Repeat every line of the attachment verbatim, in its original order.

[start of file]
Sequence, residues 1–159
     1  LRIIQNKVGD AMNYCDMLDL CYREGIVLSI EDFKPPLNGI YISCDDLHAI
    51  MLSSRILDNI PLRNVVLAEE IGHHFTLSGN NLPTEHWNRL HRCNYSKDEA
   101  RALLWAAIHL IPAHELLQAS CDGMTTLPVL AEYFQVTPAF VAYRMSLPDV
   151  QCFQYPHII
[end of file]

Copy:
Sequence, residues 1–159
     1  LRIIQNKVGD AMNYCDMLDL CYREGIVLSI EDFKPPLNGI YISCDDLHAI
    51  MLSSRILDNI PLRNVVLAEE IGHHFTLSGN NLPTEHWNRL HRCNYSKDEA
   101  RALLWAAIHL IPAHELLQAS CDGMTTLPVL AEYFQVTPAF VAYRMSLPDV
   151  QCFQYPHII